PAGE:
Here in Eastern Kentucky, just as in other parts of the galaxy, we have our own colloquialisms. We also have particular definitions for words and phrases. For example, instead of “I don’t mind to” we say “I don’t care to” when asked to perform a task. I didn’t realize that one caused mass confusion until I was well into adulthood. Several folks who weren’t from around here told me they couldn’t understand why so many people were refusing their requests for help with a cheerful “I don’t care to.”
Now, at my advanced age, I’ve learned of another definition that appears to be unique to this area.
This started with my bestie sending me a message, telling me she needed to ask me about “goosing” and that she would do so in person. Intrigued, I added it to our list of people, places, and things to discuss during our road trip. When she made a detour to pick me up on our journey to visit our other bestie, I asked, “What’s this about goosing?”
At that point, she asked me to define goosing.
I said it meant tickling.
My bestie, who is not from Eastern Kentucky, and her husband, who is from Eastern Kentucky, came to the area a few weeks ago for a funeral. During the funeral, the preacher shared an anecdote about how the deceased was once goosed at work.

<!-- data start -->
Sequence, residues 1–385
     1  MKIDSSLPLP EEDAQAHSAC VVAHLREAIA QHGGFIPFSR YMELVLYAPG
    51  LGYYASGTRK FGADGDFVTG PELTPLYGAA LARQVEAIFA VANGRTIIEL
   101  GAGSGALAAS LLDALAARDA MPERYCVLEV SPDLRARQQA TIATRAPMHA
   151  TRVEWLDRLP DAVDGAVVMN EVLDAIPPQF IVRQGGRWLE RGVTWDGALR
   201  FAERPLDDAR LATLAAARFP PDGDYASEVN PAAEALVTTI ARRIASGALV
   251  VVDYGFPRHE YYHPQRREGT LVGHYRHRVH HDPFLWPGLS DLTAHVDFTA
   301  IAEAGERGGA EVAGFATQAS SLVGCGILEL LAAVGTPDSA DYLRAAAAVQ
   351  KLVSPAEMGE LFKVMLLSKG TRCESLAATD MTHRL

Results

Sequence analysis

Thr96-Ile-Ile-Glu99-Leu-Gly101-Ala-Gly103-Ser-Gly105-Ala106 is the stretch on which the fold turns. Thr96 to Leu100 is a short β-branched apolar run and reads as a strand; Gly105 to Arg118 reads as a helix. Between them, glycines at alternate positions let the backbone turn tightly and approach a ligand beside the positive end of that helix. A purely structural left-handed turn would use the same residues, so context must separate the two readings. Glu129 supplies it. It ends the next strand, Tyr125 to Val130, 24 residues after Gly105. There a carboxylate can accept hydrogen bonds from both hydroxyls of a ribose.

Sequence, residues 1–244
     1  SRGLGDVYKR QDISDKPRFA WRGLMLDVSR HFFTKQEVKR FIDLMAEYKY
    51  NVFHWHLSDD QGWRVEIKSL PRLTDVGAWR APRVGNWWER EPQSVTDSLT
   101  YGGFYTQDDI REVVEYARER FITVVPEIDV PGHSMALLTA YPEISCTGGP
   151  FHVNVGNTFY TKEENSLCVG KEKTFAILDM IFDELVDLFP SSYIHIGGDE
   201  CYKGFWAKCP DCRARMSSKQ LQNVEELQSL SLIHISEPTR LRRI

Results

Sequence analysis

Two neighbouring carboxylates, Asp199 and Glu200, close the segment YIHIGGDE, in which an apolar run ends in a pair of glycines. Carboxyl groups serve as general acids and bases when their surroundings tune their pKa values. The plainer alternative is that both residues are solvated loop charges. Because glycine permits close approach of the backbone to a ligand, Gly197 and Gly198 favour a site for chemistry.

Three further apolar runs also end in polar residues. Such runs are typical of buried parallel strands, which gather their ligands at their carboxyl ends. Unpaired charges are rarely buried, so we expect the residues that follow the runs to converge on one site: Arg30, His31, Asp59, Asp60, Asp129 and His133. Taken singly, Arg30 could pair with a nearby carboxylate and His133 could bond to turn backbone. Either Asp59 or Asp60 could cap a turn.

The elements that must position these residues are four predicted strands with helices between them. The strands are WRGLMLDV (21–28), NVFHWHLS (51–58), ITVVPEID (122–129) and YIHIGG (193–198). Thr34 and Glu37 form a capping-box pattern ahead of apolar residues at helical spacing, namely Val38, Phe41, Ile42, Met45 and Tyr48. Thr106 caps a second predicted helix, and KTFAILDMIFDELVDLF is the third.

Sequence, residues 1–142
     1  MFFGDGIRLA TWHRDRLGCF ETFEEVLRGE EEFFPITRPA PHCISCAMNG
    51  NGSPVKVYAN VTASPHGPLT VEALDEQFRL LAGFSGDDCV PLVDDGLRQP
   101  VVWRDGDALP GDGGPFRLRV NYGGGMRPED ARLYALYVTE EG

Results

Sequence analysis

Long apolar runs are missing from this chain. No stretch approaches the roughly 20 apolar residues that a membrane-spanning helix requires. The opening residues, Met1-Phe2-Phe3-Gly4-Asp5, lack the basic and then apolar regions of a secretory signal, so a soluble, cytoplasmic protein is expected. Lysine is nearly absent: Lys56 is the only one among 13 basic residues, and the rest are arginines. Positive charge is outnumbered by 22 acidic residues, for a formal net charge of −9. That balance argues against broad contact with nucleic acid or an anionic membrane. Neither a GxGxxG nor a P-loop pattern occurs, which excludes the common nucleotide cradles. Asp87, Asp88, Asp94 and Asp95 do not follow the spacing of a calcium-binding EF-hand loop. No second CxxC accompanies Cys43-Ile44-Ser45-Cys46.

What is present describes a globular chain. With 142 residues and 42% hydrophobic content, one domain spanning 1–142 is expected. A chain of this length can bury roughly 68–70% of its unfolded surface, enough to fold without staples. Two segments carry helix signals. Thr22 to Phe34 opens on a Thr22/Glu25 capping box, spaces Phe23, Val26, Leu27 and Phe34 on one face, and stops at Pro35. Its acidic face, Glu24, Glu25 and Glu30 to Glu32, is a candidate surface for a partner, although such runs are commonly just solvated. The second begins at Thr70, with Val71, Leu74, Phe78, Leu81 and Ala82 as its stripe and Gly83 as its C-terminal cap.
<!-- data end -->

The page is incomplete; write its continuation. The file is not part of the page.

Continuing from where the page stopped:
This story confused my bestie. Indeed, on the way home, she asked her husband why the preacher had told a story about a man having his rear end grabbed. In addition, she wondered why the congregation had laughed and laughed at such a story.
This led to a spirited debate between said bestie and her husband over the meaning of goosing. He maintained it means tickling. She maintained it means grabbing someone by his or her behind. To prove her point, she consulted online dictionaries. The dictionaries backed up her claim. Her husband responded by telling her to ask me. After all, he reasoned that tickling must be the Eastern Kentucky definition of goosing.
That’s why my bestie cursed. Her husband was right.
When my bestie and I arrived at our destination, we asked our other bestie, who is also not from Eastern Kentucky, for her definition of goosing. She said it means grabbing someone by the expletive. She also demonstrated with a hand motion, just so there would be no misunderstanding. After our girls’ weekend ended and she returned to work in her mid-Atlantic state, she conducted an informal survey of her coworkers. All of them defined goosing as grabbing someone by the rear end.
I also asked a handful of my Eastern Kentucky coworkers. Every one of them said it means tickling.
How did goosing obtain another definition in this region?
I don’t care to find out.
This post originally appeared in the Appalachian News-Express.
To my family in central Kentucky it means to jolt someone from behind by jabbing the index fingers against the sides of the victim’s love handles or backside, not in a painful manner, but a ticklish one. The emphasis is actually focused on startling the victim. To everyone else in my orbit, it seems to be closer to unwelcome ___grabbery.